|Authors: ||L. Nett, C. Feller, M. Fink|
|Keywords: ||catch crops, DAISY, green manure, modelling, model validation, nitrogen use efficiency|
Nitrogen (N) use efficiency in field vegetable production systems has to be increased in order to avoid negative environmental impacts, meet legal regulations and guarantee the farmers’ competitiveness.
The use of catch crops has been shown to have a great potential in reducing N losses by retaining N in the plant-soil system.
However, the effects of catch crops on the N nutrition of the succeeding crop vary from positive to negative and numerous possible combinations exist of different crop rotations, management practices and soil and weather conditions.
To find appropriate crop rotations for every individual location by means of field trials is too time-consuming, laborious and costly.
A modelling approach was therefore adopted using the DAISY model which was validated with data from a field experiment.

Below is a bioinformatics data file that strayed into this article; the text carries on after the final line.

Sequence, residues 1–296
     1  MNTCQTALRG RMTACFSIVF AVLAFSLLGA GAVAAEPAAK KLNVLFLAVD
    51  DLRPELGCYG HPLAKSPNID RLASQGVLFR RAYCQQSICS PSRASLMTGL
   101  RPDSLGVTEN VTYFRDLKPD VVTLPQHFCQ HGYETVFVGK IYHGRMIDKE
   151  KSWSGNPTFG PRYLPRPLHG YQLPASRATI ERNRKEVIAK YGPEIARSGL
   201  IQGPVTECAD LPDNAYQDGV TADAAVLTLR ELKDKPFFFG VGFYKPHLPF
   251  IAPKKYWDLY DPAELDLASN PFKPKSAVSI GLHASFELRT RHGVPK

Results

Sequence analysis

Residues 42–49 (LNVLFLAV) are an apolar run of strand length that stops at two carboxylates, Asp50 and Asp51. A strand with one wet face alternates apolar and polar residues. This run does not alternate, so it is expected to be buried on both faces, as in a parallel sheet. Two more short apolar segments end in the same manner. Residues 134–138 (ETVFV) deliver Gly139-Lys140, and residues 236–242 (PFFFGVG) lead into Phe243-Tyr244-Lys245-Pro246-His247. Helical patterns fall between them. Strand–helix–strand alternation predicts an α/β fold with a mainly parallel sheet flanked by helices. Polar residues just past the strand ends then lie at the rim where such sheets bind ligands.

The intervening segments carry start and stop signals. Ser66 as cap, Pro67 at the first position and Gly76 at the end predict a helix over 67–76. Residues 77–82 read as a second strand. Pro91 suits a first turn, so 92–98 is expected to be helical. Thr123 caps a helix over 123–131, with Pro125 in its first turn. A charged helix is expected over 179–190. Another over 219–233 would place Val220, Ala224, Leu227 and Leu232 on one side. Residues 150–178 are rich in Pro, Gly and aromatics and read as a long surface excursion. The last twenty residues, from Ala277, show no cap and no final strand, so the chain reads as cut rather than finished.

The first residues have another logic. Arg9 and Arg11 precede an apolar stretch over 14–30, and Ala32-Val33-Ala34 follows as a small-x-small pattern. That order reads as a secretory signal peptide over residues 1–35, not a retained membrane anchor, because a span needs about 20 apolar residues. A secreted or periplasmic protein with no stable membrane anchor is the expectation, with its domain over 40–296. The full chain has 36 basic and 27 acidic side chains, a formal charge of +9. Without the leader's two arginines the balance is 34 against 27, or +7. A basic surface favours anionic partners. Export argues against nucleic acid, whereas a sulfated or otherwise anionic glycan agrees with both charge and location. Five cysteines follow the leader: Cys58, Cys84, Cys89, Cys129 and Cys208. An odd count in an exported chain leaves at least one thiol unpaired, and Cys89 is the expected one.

The results of the crop rotation experiment in the field (main crop–catch crop–successive crop) indicated that N recovery at harvest of the successive crop in aboveground plant biomass and soil mineral N (Nmin) ranged between 42% and 84% of the N input at harvest of the main crop in crop residues and Nmin. As compared to fallow, the catch crop had a small positive effect on N recovery (64% vs. 49%) in one out of four cases and negative effects in all other cases.
The agreement between simulated and measured plant dry masses was good with an R2 (linear regression) for all dry mass data pooled of 0.83 (n=48) whereas there were still systematic deviations for Nmin and plant N uptake.
Download Adobe Acrobat Reader (free software to read PDF files)
URL www.actahort.org Hosted by KU Leuven